Four US public health experts have urged improvements in anti-coronavirus protocols compiled for participants in this summer's Tokyo Olympics and Paralympics.
The experts released an article in the New England Journal of Medicine on Tuesday. They include University of Minnesota Regents Professor Michael Osterholm, who belonged to President Joe Biden's Transition COVID-19 Advisory Board.
The article referred to the Tokyo 2020 Playbooks, which outline anti-coronavirus rules for the Games' participants. They were jointly developed by the International Olympic Committee, the International Paralympic Committee and the Tokyo Games organizing committee.
The article says the "playbooks are not built on scientifically rigorous risk assessment."
The experts say "the IOC plans to provide every athlete with a smartphone that has mandatory contact-tracing and health-reporting apps." But they caution that "very few Olympic athletes will compete carrying a mobile phone."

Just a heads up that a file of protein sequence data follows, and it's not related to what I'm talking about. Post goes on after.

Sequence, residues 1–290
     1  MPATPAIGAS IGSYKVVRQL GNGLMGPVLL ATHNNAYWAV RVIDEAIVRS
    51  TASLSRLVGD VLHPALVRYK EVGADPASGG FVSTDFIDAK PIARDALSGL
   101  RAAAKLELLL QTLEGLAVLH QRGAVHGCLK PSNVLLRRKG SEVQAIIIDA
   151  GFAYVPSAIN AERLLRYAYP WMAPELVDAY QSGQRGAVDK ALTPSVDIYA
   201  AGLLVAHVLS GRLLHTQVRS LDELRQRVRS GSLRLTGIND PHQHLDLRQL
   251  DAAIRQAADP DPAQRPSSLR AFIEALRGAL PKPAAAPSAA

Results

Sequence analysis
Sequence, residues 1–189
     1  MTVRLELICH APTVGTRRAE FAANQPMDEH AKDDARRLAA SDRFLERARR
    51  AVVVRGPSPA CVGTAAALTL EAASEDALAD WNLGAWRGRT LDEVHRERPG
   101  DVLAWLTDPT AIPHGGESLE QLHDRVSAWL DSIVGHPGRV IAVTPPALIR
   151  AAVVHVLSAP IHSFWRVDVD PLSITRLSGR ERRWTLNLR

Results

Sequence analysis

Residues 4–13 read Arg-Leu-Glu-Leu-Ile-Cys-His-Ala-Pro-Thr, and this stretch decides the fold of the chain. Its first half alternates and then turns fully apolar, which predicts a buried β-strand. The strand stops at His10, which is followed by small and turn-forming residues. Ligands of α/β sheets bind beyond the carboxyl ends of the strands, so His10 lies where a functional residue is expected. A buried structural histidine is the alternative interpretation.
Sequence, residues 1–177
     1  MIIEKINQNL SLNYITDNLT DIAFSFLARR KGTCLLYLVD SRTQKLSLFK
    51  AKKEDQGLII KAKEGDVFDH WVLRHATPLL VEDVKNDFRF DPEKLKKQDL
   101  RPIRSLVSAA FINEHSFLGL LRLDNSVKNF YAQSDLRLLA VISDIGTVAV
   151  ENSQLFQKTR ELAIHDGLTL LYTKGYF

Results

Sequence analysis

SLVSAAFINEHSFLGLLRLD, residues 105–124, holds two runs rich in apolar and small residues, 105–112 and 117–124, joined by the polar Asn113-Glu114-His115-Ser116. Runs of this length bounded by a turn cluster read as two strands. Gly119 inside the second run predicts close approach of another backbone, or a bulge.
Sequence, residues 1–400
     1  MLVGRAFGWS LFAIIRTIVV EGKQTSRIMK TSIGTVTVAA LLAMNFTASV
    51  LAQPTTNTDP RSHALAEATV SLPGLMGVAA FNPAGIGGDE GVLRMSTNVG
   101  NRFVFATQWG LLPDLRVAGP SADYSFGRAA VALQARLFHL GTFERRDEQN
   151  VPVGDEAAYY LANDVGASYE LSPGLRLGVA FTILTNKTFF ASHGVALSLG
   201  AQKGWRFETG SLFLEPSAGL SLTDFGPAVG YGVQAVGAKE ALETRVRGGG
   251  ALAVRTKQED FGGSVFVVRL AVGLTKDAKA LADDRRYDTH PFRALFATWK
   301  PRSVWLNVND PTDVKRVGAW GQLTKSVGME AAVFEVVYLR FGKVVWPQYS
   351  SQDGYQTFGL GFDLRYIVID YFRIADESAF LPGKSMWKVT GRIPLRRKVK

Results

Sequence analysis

The article points out that the playbooks should classify events, depending on whether they take place indoors or outdoors and whether they require close contact.
The experts say "some Paralympic athletes could be in a higher-risk category." They add they believe the playbooks do not adequately protect "thousands of people -- including trainers, volunteers, officials and transport and hotel employees."
The experts "recommend that the WHO immediately convene an emergency committee" to advise on a risk-management approach for the Tokyo Games. They say the committee should include infectious disease experts and athlete representatives.
The final versions of the playbooks are scheduled to be published next month.